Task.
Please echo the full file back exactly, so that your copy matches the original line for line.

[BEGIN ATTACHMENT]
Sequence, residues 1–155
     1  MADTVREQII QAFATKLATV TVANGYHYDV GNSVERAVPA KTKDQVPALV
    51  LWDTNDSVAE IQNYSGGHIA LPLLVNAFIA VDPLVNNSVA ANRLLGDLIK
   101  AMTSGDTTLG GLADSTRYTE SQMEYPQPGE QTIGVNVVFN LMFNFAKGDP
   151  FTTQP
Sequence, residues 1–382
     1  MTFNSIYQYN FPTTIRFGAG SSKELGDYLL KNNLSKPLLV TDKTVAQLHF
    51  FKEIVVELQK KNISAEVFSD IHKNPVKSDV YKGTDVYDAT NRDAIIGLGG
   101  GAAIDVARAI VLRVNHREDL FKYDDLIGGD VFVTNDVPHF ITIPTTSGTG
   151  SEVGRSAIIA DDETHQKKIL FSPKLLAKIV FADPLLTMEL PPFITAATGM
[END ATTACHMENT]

Sequence, residues 1–155
     1  MADTVREQII QAFATKLATV TVANGYHYDV GNSVERAVPA KTKDQVPALV
    51  LWDTNDSVAE IQNYSGGHIA LPLLVNAFIA VDPLVNNSVA ANRLLGDLIK
   101  AMTSGDTTLG GLADSTRYTE SQMEYPQPGE QTIGVNVVFN LMFNFAKGDP
   151  FTTQP
Sequence, residues 1–382
     1  MTFNSIYQYN FPTTIRFGAG SSKELGDYLL KNNLSKPLLV TDKTVAQLHF
    51  FKEIVVELQK KNISAEVFSD IHKNPVKSDV YKGTDVYDAT NRDAIIGLGG
   101  GAAIDVARAI VLRVNHREDL FKYDDLIGGD VFVTNDVPHF ITIPTTSGTG
   151  SEVGRSAIIA DDETHQKKIL FSPKLLAKIV FADPLLTMEL PPFITAATGM